Local dog owners cool pets off as weather heats up

Temperature to reach mid- to upper-90s midweek
By: Kirsten Read Journal Correspondent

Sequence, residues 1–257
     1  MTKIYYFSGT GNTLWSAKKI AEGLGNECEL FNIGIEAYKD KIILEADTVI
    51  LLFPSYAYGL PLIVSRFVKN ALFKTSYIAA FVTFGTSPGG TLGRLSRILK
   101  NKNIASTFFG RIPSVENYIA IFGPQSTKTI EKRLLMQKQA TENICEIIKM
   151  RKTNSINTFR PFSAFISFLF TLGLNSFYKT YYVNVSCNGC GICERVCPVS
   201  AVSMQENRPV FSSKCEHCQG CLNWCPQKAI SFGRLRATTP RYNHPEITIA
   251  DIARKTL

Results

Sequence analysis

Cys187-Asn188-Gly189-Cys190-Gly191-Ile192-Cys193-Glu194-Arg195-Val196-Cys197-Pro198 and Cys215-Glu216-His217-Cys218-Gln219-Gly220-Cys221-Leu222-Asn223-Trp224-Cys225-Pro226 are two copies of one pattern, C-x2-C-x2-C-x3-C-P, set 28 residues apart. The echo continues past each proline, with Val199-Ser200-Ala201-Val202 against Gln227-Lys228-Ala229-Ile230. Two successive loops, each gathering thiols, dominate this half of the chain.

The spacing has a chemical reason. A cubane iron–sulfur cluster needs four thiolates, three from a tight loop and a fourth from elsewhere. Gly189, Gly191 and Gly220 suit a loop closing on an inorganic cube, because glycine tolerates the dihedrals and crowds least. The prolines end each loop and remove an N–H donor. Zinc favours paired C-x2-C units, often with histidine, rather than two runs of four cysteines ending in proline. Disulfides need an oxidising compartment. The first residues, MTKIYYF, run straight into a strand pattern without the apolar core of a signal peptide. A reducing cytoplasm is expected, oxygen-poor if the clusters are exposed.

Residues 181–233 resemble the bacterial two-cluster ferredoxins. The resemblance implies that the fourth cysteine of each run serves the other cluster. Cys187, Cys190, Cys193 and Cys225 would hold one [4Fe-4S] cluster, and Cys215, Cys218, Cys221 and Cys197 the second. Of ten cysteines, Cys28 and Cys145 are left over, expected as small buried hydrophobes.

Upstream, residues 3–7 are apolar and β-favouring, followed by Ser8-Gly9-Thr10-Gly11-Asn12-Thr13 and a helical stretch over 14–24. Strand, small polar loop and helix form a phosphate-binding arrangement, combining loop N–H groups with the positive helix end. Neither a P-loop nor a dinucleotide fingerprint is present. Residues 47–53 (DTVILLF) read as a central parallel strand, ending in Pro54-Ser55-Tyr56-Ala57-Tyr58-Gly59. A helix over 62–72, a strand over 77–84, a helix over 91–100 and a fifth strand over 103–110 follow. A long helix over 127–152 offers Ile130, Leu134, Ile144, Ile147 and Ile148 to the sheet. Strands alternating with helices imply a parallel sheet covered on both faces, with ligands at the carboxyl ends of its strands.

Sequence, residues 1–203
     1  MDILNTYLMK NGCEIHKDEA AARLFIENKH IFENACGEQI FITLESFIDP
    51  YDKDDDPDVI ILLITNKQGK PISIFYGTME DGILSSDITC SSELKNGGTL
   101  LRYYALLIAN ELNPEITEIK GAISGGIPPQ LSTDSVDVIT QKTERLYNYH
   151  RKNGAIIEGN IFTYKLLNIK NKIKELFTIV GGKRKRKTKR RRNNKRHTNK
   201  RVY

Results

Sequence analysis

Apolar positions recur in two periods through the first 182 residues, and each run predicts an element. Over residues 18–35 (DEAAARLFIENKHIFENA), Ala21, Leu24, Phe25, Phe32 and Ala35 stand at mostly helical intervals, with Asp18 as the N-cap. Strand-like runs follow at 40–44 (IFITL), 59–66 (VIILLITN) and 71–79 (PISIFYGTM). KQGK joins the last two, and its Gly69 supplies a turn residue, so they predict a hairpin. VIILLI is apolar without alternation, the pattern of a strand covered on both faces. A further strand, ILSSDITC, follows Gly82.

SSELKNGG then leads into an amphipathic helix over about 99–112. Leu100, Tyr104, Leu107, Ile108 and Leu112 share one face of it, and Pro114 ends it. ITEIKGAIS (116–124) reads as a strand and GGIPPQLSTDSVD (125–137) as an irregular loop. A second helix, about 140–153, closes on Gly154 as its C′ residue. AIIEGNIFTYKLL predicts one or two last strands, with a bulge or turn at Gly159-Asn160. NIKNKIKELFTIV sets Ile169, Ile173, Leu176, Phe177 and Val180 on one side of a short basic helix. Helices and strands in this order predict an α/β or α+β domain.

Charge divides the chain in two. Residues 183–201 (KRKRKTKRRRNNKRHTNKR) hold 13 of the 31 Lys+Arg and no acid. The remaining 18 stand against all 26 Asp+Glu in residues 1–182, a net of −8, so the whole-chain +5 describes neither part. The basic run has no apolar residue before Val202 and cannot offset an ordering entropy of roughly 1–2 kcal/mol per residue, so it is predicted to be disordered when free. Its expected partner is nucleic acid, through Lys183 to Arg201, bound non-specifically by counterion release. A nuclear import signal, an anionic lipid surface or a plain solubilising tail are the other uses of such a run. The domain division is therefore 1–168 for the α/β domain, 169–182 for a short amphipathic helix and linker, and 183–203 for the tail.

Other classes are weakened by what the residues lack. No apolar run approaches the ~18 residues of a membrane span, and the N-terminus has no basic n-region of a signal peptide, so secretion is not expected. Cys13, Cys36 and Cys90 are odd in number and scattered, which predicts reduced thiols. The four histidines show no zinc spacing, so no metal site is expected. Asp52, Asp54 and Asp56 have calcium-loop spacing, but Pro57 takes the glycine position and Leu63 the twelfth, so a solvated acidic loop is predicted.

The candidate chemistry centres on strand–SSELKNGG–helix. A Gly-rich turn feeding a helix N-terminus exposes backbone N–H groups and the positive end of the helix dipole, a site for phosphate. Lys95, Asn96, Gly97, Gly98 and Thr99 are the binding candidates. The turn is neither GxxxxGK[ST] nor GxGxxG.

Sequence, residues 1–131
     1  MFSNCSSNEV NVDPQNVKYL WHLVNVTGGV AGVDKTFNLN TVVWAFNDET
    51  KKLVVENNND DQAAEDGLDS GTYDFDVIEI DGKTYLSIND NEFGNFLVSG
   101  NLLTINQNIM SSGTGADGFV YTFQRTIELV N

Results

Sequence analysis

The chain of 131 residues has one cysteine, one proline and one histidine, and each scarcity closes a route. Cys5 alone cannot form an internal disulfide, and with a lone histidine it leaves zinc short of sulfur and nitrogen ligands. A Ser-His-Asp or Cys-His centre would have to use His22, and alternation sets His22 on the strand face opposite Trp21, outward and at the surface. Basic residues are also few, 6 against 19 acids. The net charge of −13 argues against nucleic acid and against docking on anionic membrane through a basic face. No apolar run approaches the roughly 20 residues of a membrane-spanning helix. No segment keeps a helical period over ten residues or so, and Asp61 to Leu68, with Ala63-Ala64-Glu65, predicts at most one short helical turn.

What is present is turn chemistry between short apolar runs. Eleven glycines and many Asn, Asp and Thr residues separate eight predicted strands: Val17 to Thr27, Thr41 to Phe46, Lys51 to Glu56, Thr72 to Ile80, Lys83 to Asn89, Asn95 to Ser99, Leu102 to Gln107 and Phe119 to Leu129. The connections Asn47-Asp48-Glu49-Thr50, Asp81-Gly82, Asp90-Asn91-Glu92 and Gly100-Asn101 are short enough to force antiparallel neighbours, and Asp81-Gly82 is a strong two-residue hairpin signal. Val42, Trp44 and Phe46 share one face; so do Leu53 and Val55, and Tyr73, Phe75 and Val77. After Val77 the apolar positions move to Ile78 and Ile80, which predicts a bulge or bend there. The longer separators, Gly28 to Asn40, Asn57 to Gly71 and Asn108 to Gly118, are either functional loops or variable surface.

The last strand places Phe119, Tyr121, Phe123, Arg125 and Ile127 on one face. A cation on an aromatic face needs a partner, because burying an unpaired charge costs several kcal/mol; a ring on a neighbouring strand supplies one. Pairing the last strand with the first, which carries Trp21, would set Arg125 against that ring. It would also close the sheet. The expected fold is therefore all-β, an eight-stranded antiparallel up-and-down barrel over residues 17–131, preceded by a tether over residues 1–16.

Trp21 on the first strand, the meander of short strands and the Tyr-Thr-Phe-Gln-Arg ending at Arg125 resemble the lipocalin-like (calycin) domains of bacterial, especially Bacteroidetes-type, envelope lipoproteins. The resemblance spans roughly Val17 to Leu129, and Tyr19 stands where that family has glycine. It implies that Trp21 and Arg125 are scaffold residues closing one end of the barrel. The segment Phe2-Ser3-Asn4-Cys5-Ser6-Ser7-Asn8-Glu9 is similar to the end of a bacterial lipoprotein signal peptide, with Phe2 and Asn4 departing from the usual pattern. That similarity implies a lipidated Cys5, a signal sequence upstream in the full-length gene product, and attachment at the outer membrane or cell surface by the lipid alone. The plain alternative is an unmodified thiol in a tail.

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This summer, Auburn residents have been experiencing cooler-than-normal weather, but will be greeted with a rise in temperature by midweek. And in response to hotter conditions, local pet owners are making an effort to keep their dogs cool. According to Holly Osborne, meteorologist at The National Weather Service, Sacramento, local weather will climb to the upper 90’s starting Wednesday. “There is a high pressure that’s been over the central U.S. and is going to spread westward into our area bringing warmer temperatures for the latter part of the week and still fairly warm into next weekend,” Osborne said. “We’re looking at above-normal temperatures. Around five degrees above normal, with highs in the mid to upper 90’s in Auburn.” Pets and pet-owners will be feeling the heat, but are looking to keep cool and prevent situations that may be dangerous to their health. Chuck Williams, who has been an Auburn resident for 30 years, is the owner of Jake, a 10-year-old Labrador. First thing in the morning, when the temperatures are cooler, Williams takes Jake to Ashley Memorial Dog Park to play and exercise. During the heat of the day, Jake stays in the air-conditioned house. Williams enjoys taking Jake to the park, and feels that living in Auburn provides many good opportunities for dogs and their owners. “There are a lot of neat places to take your dog that are not too far away,” Williams said. However, there are also places Williams does not take Jake. “I don’t take him with me when I go on car trips so I don’t have to leave him in the car,” Williams said. “As far as the river, I’m leery of taking him there because the water’s too fast, and he’s not a strong swimmer.” Renee Rameirez, who has been an Auburn resident for 15 years, also enjoys taking her dog, Blue, a four-year-old Longhaired Dachshund, to Ashley Memorial. “We go every couple of days,” Rameirez said. “It’s nice to come here because they have the pools of water so he can get his little feet wet. And now there are sprinklers that come on around 2 in the afternoon.” Rameirez does many other things to take care of Blue and make sure he is cool, healthy, and comfortable. “I’ve had Blue for about two-and-a-half years,” Ramirez said. “He has been through some bad homes, but now that I’m his owner I spoil him. I keep a damp cloth or a bottle of ice water with me to cool him down if we’re going to be outside in the heat for a long time. I also make sure he drinks a lot of water, and keep him in the shade if I can. A long period of time is not good to be out in hot weather. His hair is normally long, but I like to cut it short during the summer.” Rameirez also expressed a concern with seeing dogs left in hot cars. “I prefer not to leave him in the car, especially on hot days,” Rameirez said. “Sometimes I’ll leave the windows cracked and run in and out of the store really quick, or if my husband’s in the car, I’ll have him walk Blue around outside while I’m in the store. But I definitely don’t want to leave him in the hot car for too long. I see way too much of that, and it’s dangerous.” According to Dr. Barb Jones, DVM and Shelter Veterinarian at Placer SPCA, it is important to keep your pet cool because the hot weather can have long-term and hazardous effects on animals. “Overheating can lead to blood clotting problems, seizures, severe dehydration, and swelling of the brain,” Jones said. But there are many things that can be done to prevent these problems. “Don’t leave your dog in the car at all,” Jones said. “Don’t take them out for exercise in the heat of the day, and make sure they always have access to shade and water. Dog parks will often have little pools set up, and even a kiddy pool in the backward is a good option. Generally you can do normal activities with your dog, but just do them in the morning or evening.” ---------- Summer Care Tips provided by Placer SPCA -Never leave pets in parked cars for any period of time. Every summer there are cases of pets left in parked cars dying from heatstroke. On a warm day, even with the windows cracked, the temperature in the car can reach 120 degrees in a matter of minutes. -The summer season is usually the time people fertilize their lawns and work in their gardens. This maybe great for the lawns, but it means danger to pets. Plant food, fertilizers and insecticides can be fatal if ingested by your pet. Make sure your pets are under your control at all times. -Another summertime threat is fleas and ticks. Use only flea and tick treatments recommended by your veterinarian. Some over-the-counter flea and tick products can be toxic, even when used according to directions. -Pets can get sunburned too and your pet may require sunscreen on his/her nose and ear tips. Pets with light-colored noses or light-colored fur on their ears are vulnerable to sunburn and skin cancer. -Prevent free access to pools and spas and always supervise your pet in a pool. ----------